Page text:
That was the plan in the 1960s, according to declassified national security documents released this week — some of them stamped as "SECRET."
Today those schemes may sound as outlandish and dusty as a relic black-and-white episode of "Space Patrol."
The U.S. Army brainchild "Project Horizon" was born.
Its proposal to leap beyond the Soviets opened with the line: "There is a requirement for a manned military outpost on the moon."
The paper argued that it was imperative for the United States to develop and protect its potential interest on the Earth's natural satellite — and to do so quickly to protect the American way of life.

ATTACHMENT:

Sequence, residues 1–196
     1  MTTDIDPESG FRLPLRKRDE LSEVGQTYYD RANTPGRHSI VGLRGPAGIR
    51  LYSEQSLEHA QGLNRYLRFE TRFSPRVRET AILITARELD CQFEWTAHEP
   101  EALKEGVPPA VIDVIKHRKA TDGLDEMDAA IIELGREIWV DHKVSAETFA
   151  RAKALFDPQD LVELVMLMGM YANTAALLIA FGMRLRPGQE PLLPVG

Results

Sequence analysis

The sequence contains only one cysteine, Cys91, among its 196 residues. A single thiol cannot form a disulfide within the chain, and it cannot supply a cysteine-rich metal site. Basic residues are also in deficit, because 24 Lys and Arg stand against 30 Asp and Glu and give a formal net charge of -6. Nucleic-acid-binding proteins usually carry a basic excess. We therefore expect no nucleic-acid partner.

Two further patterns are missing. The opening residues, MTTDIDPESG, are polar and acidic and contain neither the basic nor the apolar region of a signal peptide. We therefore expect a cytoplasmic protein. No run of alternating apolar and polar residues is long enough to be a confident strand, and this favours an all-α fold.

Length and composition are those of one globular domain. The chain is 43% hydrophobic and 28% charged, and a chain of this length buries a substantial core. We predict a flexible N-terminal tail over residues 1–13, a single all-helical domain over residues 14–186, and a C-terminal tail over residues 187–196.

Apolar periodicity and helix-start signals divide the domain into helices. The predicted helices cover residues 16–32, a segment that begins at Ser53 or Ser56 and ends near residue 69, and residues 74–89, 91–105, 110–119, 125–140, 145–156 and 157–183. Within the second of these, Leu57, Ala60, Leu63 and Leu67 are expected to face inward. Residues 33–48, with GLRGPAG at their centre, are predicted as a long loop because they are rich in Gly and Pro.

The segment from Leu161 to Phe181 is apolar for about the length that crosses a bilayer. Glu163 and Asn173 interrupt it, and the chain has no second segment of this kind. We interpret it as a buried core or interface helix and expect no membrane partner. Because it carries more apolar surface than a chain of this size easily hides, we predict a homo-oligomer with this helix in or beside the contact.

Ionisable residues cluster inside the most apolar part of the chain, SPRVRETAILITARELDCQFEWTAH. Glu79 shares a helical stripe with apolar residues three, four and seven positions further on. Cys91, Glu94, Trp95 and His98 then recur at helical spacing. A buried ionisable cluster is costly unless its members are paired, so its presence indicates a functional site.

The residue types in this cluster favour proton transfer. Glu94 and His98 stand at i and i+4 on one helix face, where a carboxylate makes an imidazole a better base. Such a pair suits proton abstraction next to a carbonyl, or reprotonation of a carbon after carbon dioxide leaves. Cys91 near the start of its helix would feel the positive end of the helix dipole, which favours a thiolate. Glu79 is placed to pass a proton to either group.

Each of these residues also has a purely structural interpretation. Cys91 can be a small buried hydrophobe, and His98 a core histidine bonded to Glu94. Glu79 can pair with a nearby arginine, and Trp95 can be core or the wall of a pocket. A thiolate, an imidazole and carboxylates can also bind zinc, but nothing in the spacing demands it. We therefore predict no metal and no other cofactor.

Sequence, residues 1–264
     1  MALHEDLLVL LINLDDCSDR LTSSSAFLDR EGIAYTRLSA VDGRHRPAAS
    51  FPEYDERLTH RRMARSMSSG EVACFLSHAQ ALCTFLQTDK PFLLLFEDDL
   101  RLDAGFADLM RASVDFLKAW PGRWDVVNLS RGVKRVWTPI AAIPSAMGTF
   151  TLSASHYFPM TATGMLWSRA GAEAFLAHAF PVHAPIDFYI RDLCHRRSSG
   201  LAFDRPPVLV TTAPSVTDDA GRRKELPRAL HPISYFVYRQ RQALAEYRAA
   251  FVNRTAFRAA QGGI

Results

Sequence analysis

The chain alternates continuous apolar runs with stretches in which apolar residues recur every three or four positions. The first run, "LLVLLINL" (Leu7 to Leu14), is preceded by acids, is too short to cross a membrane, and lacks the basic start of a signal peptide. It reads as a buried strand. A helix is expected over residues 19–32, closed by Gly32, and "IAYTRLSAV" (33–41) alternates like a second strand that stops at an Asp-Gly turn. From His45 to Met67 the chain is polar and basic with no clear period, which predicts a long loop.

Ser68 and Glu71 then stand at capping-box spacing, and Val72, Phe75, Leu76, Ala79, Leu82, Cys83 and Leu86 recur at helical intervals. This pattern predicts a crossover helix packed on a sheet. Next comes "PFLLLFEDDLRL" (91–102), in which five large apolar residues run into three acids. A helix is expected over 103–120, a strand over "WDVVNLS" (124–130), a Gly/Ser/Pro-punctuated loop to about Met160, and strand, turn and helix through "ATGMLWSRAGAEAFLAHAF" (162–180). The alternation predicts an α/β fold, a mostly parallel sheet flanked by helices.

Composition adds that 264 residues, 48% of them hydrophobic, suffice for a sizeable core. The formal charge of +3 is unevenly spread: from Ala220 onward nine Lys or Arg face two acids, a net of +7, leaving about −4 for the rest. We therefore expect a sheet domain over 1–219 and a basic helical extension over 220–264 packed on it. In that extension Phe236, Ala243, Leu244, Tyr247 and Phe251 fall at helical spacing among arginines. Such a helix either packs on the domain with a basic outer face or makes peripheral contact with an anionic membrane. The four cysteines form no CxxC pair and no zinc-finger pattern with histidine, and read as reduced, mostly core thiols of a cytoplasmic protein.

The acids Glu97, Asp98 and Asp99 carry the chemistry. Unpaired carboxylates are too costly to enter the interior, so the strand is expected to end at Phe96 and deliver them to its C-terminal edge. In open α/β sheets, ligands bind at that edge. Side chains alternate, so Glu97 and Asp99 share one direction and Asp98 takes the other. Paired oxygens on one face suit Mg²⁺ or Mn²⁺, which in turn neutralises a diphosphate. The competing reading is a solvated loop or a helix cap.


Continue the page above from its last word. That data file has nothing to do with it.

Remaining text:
"To be second to the Soviet Union in establishing an outpost on the moon would be disastrous to our nation's prestige and in turn to our democratic philosophy," the paper surmised.
It should have the kind of priority and authority given to the Manhattan Project, which developed the atomic bomb, the Army said.
"Once established, the lunar base will be operated under the control of a unified space command." The space around the Earth and moon would be considered a military theater."
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